Broker claims meat purveyors cut her out of prime $31M West Village sale

Lawsuit alleges Gia Wang found buyer but didn't get commission

<em>From left: 601 Washington Street in the West Village and a pile of money being butchered (credit: Wikimedia Commons)</em>
From left: 601 Washington Street in the West Village and a pile of money being butchered (credit: Wikimedia Commons)

New York City brokers often must fight tooth and nail for a sale, but one agent claims her meat purveying clients quietly cut her out of the $31 million of their West Village warehouse.

Broker Gia Wang filed a lawsuit against Patrick LaFrieda and his son, Patrick LaFrieda Jr., for allegedly cheating her out of a $602,000 commission for the sale of 601 Washington Street, a warehouse used for their North Bergen, N.J.-based business, Pat LaFrieda Meat Purveyors. Wang, who is licensed under her own brokerage company Gia Wang LLC, alleges that she found a buyer — developer Charles Dunne — for the property in 2006, but Dunne told her at the time that the $25 million price tag was too steep, according to a lawsuit filed in State Supreme Court.

Without her knowing, however, Dunne and the LaFriedas secretly entered into an agreement for the property for $31 million, according to the lawsuit. Wang later discovered the deal when Dunne filed permit applications with the Department of Buildings for a new 44,504-square-foot residential building on the site. The DOB approved those plans in January and issued Dunne demolition permits for the two-story warehouse in September.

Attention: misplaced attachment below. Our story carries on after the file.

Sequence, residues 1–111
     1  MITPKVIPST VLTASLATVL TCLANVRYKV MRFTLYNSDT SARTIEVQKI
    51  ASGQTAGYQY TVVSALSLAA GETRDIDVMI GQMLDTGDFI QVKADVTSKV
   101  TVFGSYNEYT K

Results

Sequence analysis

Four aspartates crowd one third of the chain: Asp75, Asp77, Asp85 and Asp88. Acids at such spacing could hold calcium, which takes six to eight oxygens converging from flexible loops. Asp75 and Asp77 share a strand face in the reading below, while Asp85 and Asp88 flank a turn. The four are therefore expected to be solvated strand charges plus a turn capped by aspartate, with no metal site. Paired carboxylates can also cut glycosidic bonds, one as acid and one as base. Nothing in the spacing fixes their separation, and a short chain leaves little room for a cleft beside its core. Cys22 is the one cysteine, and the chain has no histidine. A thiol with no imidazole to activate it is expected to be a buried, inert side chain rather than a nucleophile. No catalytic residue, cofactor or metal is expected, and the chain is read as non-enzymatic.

The younger LaFrieda told The Real Deal on Wednesday that he’s never met Wang. He said that the sale didn’t have a broker; they found Dunne through a family friend.

“I never heard of the woman. I’m not really sure where she’s coming from,” he said.

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Wang’s attorney, Lawrence Hirsh, said that his client and the elder LaFrieda had a written agreement in 2006 — that is attached to the lawsuit.

In 2005, Wang made a few headlines when she reportedly got into an altercation with a Soho man at an open house. At the time, Wang was a broker with Prudential Douglas Elliman and attended an open house where the owner didn’t have a hired broker, the New York Times reported. According to the article, Wang refused to leave the apartment and “[clawed] at his face, scratching him and drawing blood.”

Hirsh wouldn’t comment on the incident, aside from saying that he felt that the incident had been incorrectly reported. Wang agreed.

“It was a long time ago, and it’s not part of this complaint,” she said.

She is seeking $602,000 in damages, roughly 2 percent of the warehouse sale price.